On Monday, Rowan University officially picked sides in the debate about President Trump’s executive order resulting in a refugee and immigration ban. It was wrong to do so.
The president’s order is controversial, to say the least. Across the nation this weekend, protests broke out at airports where legal green card holders were reportedly being detained and threatened with deportation to countries where they are not permanent residents. For several days, the order caused mass confusion as to what it was actually restricting, who it would effect, and whether or not it was really even a “ban.”
On campus, reactions were mostly personal and restrained. A group of students did organize a demonstration outside of the student center on Monday morning to call congressmen and protest the order, but for the most part, students just went about their days. Debates surely took place in classrooms, in the cafeterias and on social media, but on campus the day seemed mostly like any other.
At approximately 3:30 p.m. the office of President Dr. Ali Houshmand released a statement encouraging civil debate, but also threw the university behind one particular position.
“We understand the fear of additional terror attacks on American soil, but we have faith that Homeland Security and other federal and state agencies are prepared to monitor and protect our nation without the need for such a ban,” the email said.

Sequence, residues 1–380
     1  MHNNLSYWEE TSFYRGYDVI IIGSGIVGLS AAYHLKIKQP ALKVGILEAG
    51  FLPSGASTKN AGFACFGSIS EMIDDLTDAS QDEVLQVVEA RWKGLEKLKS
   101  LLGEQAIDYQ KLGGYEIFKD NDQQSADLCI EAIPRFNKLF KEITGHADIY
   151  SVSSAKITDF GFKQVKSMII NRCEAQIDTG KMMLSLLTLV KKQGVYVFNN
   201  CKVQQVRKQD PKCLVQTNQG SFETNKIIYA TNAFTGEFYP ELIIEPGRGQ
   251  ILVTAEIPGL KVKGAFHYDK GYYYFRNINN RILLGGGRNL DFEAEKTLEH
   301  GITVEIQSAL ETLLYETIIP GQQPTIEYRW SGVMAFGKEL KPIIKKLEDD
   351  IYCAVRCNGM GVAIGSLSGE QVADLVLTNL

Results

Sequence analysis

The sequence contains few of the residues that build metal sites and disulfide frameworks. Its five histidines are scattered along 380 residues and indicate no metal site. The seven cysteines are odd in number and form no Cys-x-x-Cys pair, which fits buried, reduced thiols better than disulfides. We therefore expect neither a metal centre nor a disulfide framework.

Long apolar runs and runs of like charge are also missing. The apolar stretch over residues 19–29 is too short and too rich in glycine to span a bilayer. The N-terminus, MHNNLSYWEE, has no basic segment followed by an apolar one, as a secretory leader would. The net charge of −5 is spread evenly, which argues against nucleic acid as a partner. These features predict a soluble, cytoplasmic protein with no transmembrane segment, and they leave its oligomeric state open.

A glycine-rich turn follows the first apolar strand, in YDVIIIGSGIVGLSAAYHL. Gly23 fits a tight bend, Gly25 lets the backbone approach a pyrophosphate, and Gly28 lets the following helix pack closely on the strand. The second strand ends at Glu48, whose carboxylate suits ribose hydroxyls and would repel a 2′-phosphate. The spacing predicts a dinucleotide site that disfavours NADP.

Throughout the statement, there was never a use of “I” or “this office,” instead the president spoke as “the collective of the university,” according to Rowan University Spokesman Joe Cardona.
The use of “we” troubled the editorial board at The Whit almost immediately, not because we all disagreed with the sentiment of the statement – in fact the views of the staff as a whole have been surprisingly varied – but because the president had decided to speak on the behalf of the entire community of Rowan, a community which includes more than a few students who support President Trump and his executive order.
We – The Whit editorial board – understand that Rowan is not alone in taking a position on the issue. The Association of American Universities, made up of dozens of public and private colleges, “urge[d] quick end” to the order in a statement on Saturday. To be clear, we are not advocating for the executive order or supporting it in any way.
But what Rowan did was take language usually reserved for expressing the values of our community and used it to ascribe a particular political belief and stance.
EDITORIAL: Proper discourse is key in times of division
It is our opinion that this action actually served to work counter to the message included at the end of the president’s statement, which encouraged students to, “Have your opinions. Share your opinions.” This kind of language effectively silences the voices of those on campus with conflicting beliefs. It serves a direct message that they are free to share their opinion, but that they should do so knowing that their views are not representative of the university, and that on our campus, they are the “other.”
It is this kind of language which has driven us to the politically polarized point in American history to which we have come. The constant need to separate “us” from “them” is the same need which forces us to fight, scream and name-call.
We are not surprised that this university or that any others are taking sides in politics, in 2017 that’s just where we are. But projecting the political views of the institution onto the community is inappropriate and serves only to further alienate the groups which we should be trying to pull back together.
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